MU seniors compete at national theater festival

The students attended the KCACTF in Washington D.C.

MU sent two students to this year's Kennedy Center American College Theater Festival, which took place April 16-21 in Washington, D.C.

Seniors Hannah Baxter and Amanda Newman attended the festival for the first time this year. Each had to pass the regional level of competition in her area of competition to be invited to the national festival.

Baxter competed in the National Critics Institute, recently renamed the Institute for Theatre Journalism and Advocacy.

“Eight students, one from each region, participate in daily workshops to discuss theater journalism and meet with professionals in the field, such as Bob Mondello from NPR,” Baxter said. “It is an opportunity to learn about and improve your writing and reporting skills, as well as interact with other students involved with multiple areas of theater.”

Newman was a regional finalist and a national semi-finalist in playwriting for both her 10-minute play and one-act play. She took her one-act play "The Lost Slipper" to nationals as a finalist for the John Cauble Award for Outstanding Short Play.

“The actual event was one of the most exhausting things I have done in a while,” Baxter said. “Our schedule was jam-packed with meetings and workshops for three hours in the morning, three hours in the afternoon and a show at night. Some days we didn't get back to our hotel until midnight and we had a review due by 8 a.m. the next morning.”

The KCACTF was created in 1969 and has since grown to include 18,000 students from more than 600 academic institutions, according to the KCACTF website.

“Mizzou has been competing since the KCACTF was created,” playwriting professor David Crespy said. “We’ve had 15 national finalists and 43 national invitations in playwriting just in the time that I’ve been here.”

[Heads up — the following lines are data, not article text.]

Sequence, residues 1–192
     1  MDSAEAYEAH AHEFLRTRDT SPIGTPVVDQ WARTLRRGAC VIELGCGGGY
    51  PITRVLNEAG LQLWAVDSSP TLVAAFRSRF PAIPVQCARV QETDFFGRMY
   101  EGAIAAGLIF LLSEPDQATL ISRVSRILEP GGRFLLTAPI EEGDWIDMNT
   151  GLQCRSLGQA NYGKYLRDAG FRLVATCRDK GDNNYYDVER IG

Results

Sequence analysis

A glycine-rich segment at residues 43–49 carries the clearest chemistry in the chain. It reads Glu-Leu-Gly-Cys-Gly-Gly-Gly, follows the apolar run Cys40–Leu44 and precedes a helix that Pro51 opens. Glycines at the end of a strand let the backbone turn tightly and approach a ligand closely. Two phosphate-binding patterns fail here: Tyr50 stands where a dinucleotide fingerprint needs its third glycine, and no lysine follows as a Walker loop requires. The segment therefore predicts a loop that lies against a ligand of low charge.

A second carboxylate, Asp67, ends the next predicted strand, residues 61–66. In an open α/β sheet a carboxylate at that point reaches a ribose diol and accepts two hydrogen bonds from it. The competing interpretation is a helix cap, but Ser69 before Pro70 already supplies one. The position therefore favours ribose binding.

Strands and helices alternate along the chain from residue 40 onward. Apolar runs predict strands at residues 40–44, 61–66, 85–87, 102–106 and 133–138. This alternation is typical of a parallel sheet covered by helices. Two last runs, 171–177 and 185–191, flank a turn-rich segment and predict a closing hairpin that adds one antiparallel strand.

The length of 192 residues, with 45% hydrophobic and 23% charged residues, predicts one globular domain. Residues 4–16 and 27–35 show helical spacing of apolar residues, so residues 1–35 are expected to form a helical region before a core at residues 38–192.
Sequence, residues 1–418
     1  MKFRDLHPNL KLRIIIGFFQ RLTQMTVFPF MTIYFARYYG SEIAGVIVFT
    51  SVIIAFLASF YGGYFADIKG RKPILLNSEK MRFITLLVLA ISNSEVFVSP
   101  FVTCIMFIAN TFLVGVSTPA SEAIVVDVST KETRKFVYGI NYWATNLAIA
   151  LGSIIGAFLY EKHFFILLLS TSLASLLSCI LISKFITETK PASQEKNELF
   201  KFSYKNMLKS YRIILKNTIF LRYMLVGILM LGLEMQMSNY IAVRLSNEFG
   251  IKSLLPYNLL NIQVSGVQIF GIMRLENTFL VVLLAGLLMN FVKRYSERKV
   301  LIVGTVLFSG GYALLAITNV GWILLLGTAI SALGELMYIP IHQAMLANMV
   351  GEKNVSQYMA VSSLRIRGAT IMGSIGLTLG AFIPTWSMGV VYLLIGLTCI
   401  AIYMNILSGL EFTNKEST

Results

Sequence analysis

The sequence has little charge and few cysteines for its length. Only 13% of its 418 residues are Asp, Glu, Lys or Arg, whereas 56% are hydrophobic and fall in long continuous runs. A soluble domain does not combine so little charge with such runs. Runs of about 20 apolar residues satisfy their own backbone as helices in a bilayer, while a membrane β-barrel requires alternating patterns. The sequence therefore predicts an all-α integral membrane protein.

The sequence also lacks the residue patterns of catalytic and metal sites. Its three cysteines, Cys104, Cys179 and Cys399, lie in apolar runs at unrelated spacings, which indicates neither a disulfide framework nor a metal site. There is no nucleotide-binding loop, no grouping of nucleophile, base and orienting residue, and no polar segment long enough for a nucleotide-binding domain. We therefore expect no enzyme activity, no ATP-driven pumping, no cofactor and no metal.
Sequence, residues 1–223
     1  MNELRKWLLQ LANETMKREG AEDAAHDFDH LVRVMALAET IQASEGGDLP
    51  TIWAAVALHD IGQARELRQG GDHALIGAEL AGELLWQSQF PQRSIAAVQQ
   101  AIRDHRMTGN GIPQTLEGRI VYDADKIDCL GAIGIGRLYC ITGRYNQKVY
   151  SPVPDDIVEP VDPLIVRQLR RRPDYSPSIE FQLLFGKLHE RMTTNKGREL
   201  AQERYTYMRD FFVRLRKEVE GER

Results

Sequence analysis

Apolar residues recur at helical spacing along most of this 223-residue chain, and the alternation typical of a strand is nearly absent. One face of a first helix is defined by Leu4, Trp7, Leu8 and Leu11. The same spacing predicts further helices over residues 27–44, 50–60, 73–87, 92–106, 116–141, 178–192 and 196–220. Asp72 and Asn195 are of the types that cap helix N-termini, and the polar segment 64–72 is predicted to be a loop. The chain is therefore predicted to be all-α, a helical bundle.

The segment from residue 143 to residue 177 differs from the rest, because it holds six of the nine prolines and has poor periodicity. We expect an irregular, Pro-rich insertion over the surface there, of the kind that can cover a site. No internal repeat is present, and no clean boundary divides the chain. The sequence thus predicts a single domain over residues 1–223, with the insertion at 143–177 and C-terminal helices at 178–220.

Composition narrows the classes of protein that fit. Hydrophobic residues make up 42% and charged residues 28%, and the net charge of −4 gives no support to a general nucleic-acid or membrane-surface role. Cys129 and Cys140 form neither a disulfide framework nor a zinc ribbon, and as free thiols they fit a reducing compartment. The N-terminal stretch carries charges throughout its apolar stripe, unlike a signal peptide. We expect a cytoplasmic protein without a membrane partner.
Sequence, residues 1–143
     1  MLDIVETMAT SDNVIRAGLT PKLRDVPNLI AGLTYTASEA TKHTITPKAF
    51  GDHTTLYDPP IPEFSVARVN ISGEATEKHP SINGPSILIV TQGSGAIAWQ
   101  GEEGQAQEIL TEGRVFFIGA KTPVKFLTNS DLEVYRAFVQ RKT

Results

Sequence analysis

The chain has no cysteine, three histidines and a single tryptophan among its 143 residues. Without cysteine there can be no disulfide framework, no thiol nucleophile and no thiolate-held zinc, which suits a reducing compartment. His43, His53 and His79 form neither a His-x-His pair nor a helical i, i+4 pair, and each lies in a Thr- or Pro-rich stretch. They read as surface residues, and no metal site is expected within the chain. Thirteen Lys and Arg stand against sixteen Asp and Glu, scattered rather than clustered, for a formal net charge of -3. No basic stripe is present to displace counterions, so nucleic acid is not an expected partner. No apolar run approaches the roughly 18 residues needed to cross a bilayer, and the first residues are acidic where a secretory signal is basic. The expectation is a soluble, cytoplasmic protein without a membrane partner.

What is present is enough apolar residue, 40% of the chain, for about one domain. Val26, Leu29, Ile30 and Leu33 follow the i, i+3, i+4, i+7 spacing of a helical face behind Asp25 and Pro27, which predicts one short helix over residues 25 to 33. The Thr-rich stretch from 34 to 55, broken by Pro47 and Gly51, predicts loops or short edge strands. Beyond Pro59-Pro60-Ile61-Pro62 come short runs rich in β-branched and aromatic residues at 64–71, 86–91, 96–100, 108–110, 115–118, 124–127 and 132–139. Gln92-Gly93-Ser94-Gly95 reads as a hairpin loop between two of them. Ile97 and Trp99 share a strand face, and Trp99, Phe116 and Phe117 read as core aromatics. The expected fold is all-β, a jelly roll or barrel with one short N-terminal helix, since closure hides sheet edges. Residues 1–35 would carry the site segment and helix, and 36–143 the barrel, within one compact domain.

The festival is more than just an awards competition for many students.

“It’s an incredible opportunity to network,” Crespy said. “The festival is filled with nationally acclaimed national artists who lead workshops for the students. Just going to national festival is important and the start of careers. You get to schmooze with the best of them. It’s a real leaping-off place with incredible experiences.”

KCACTF has been hit by economic setbacks, namely government cutback in the area of the arts and education, but the festival still managed to treat its competitors to a taste of the D.C theater realm, Baxter said.

“KCACTF could not bring in student shows from the various regions for the attendees to see and report on, as they have done in previous years,” Baxter said. “Luckily, the budget allowed us to receive free tickets for some wonderful shows around D.C. at the Wooly Mammoth Theater, Theatre J and The Shakespeare Theatre Company. The shows varied from a brilliant puppet (and) drag show to a nearly four-hour O'Neil revival that hasn't been produced in North America since 1985.”

Each girl competed against graduate students from prestigious master's programs at universities such as New York University, Columbia University and Yale University.

“Mizzou isn’t a professional training program,” Crespy said. “It’s a liberal arts training program. This way, anyone, regardless of major, can be in a play, be in an acting class (or) be in a playwriting class. There’s something special about being open rather than exclusive. I think we’re doing something right.”

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